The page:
Yes, whether eaten as a cereal or snack topping, granola can make for a crunchy, nutritious treat. But granola is high in calories, and some versions are healthier than others based on their ingredients.
Granola's healthy ingredients include oats, nuts, seeds and dried fruit, which deliver important nutrients such as protein, iron, heart healthy fats and fiber (specifically, beta glucan, a cholesterol-lowering fiber from oats.)
Granola is also calorie dense -- some contain a little more than 300 calories per cup, but others can pack up to 600 calories per cup, from added oils, coconut, chocolate and added sugars including evaporated cane juice, honey, maple syrup, molasses, cane sugar and brown rice syrup.
"It's important to be aware of the many sugar sources that could be in granola," said Rahaf Al Bochi, a registered dietitian, certified diabetes educator and spokeswoman for the Academy of Nutrition and Dietetics. "Look for granola that has minimal amounts of added sugar and uses dried fruit for sweetness instead."
It can be difficult to give sugar or fat limits for granola, since portion sizes for granola vary. And it can be challenging to determine just how much fat and sugar is naturally present in nuts and dried fruit, versus how much is added in the form of sweeteners and oils.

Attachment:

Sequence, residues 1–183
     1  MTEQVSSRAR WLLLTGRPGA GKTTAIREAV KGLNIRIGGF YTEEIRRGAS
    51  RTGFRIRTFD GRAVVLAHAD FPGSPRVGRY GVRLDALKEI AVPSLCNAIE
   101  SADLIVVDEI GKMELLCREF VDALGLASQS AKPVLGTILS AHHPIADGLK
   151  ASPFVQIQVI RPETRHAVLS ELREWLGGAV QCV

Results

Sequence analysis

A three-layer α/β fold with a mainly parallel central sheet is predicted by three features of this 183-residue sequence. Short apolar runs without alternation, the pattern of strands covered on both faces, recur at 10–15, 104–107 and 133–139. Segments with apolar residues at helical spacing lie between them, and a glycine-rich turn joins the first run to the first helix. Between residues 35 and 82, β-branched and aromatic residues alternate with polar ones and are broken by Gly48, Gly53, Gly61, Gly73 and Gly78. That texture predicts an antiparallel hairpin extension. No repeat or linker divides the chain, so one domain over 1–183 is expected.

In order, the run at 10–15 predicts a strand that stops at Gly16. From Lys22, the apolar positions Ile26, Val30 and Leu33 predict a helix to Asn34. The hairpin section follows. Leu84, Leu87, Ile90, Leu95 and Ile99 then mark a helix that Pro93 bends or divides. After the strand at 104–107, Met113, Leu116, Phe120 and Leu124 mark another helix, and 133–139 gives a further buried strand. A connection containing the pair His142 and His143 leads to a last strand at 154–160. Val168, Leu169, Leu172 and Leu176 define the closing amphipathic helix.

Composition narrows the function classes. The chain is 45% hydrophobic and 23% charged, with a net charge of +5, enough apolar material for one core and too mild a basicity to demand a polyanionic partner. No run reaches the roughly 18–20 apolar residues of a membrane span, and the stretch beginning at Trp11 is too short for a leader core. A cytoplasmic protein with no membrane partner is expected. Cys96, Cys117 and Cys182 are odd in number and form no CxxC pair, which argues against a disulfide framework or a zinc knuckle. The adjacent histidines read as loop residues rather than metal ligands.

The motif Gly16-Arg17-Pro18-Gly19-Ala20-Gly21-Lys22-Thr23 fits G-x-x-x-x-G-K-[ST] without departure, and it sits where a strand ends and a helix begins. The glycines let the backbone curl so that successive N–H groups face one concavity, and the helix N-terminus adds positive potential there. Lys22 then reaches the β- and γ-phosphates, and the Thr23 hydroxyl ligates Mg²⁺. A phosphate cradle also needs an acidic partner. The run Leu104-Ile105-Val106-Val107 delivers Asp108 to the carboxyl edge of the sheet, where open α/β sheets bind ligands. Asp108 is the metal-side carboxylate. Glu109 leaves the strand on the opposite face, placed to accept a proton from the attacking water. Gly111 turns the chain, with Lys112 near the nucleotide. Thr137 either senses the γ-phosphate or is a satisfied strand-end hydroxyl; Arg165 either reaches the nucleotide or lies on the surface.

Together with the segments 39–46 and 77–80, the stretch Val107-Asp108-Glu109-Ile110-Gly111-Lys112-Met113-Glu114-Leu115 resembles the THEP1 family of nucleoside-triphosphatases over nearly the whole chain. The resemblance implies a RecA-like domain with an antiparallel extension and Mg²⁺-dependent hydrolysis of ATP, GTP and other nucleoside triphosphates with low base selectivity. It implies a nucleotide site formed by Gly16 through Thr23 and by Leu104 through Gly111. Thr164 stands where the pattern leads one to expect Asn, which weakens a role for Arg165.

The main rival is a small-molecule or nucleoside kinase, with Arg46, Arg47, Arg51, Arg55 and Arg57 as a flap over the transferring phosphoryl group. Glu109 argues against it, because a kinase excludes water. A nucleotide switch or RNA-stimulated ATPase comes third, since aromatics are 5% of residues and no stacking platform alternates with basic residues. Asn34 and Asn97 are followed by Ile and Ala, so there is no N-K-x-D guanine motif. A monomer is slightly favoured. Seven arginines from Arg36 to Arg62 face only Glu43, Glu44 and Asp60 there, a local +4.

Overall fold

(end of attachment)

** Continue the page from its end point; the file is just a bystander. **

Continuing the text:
So, if you are watching sugars, carbs or calories, your best bet is to limit your portions of granola. Dietitians agree that a quarter of a cup is a good guideline. Use it as a topping to add crunch to yogurt, fruit or even pancakes. Or mix it with a lower calorie, whole grain cereal so you can enjoy a bigger breakfast bowl without going calorie-overboard. You can also use granola as a salad ingredient, or as part of a trail mix.
There's also the option of homemade granola. "A healthier alternative to store bought granola would be to make your own granola at home," said Al Bochi. "You would have control over the ingredients and the amount of sugar and fat added."
To make granola, Al Bochi recommends mixing old-fashioned rolled oats with nuts and seeds. You can add a little honey and vegetable oil to the mix, as well. Bake in the oven at 300 degrees Fahrenheit for 10 to 15 minutes until golden brown. Then, add dried fruit and store in an airtight container. Consume within two weeks for optimal freshness.
Just remember, even with homemade, good-for-you-granola, there can be too much of a good thing. So don't forget to keep your measuring cup handy.